Every once in a while I leave my computer screen and read materials written on “old dead trees” covered with shiny wax. In other words, I love to read magazines.
One of my weekly favorites is Forbes which has a rather annoying, flash and popup filled on line version. Somehow the advertisements in the hard copy are less irritating – besides, I can read it while kicked back in my favorite recliner or while eating breakfast at the kitchen table. For all of those reasons, I never read the publication on line and have never bothered to sign up for a free membership.
(Boy, that was a long way of saying I do not have a link for you, but if you want to find the article on line, I think you can.)
Anyway – the March 12 2007 edition (I love the way magazines anticipate future dates) has a column by Lisa Hess titled New Energy Plays. One paragraph jumped out at me:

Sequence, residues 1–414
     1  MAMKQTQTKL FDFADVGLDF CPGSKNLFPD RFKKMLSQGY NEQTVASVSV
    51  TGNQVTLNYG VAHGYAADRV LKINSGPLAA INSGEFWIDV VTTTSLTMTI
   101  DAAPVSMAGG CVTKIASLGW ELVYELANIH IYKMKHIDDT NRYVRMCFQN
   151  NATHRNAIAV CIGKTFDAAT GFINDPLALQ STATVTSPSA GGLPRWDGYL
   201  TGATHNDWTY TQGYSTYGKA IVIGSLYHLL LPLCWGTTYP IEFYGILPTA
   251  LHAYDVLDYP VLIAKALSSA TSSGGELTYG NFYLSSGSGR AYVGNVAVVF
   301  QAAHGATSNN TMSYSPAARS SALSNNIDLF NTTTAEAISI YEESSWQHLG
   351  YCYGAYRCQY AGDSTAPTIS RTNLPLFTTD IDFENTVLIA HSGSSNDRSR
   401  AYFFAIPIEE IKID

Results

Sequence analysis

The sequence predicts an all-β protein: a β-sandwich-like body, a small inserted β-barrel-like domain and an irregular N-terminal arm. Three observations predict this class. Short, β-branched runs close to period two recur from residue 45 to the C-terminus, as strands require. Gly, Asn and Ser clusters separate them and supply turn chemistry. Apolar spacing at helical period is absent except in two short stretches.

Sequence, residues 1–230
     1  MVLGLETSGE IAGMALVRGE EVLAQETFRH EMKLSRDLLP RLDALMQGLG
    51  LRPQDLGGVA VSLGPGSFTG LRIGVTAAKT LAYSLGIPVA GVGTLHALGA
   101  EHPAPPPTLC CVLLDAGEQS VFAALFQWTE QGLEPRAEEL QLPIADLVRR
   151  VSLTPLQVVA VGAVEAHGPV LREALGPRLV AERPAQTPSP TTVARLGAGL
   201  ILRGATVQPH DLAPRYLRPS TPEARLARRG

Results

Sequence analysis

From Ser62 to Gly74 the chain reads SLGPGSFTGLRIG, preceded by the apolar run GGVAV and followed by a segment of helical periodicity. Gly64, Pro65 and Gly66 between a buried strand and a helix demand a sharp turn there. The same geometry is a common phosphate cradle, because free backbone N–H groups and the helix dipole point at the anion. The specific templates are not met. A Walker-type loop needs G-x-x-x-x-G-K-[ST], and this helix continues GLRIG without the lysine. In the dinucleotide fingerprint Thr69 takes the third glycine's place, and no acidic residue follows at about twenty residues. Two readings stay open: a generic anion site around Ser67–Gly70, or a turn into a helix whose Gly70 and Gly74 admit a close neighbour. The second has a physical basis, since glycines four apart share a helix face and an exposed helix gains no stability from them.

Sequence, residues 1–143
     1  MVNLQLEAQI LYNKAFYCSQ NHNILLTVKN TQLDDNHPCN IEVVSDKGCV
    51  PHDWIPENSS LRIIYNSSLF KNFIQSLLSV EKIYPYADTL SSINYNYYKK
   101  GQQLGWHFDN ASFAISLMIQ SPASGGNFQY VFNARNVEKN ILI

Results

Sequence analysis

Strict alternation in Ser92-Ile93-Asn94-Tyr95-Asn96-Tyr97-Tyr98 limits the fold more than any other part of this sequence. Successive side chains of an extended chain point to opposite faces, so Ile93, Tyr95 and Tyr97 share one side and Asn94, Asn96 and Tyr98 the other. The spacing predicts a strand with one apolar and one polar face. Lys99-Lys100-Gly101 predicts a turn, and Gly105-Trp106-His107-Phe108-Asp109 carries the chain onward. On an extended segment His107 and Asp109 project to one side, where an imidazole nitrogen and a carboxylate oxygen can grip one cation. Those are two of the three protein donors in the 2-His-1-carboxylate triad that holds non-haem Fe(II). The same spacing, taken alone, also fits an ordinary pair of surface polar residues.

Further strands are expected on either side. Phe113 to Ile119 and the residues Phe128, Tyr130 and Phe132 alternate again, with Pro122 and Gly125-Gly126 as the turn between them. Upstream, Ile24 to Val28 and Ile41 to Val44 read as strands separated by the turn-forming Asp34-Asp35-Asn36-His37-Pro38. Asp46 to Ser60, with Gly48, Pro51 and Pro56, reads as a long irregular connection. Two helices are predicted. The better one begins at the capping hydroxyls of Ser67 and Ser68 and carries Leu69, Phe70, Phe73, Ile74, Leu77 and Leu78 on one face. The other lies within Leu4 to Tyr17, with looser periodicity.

At long last, uranium is getting recognized for what it always has been: the cleanest, most efficient energy source available. For too many years, the idea of building a new nuclear plant was anathema to much of the public, afraid of another Chernobyl. Now new reactors are on the drawing board, both here and abroad. They will take a decade to open. But already the price of uranium has risen from $56 per pound to $75.
Now, there are plenty of publications where you can read about investing in uranium stocks, and you can find plenty of speculators in the field that will talk a lot about the imbalances of supply and demand and the reasons why there is no ceiling on the price of the material or the price of the stocks in companies that mine it. (Be VERY cautious about buying into that line of thinking. The price of uranium is WAY above the cost of mining it in many excellent ore bodies, and there are plenty of smart mining companies that will convert that difference into new supply.)
However, it is a pretty recent phenomenon to find professional money managers like Ms. Hess wax so eloquent and make such unequivocal statements about the inherent superiority of uranium. Let’s repeat what she called it and leave it at that.
At long last, uranium is getting recognized for what it always has been: the cleanest, most efficient energy source available.
(Don’t get too upset, Kirk Sorensen, I am sure that Ms. Hess would have included thorium alongside uranium in that statement if she had a bit more technical knowledge on the topic.)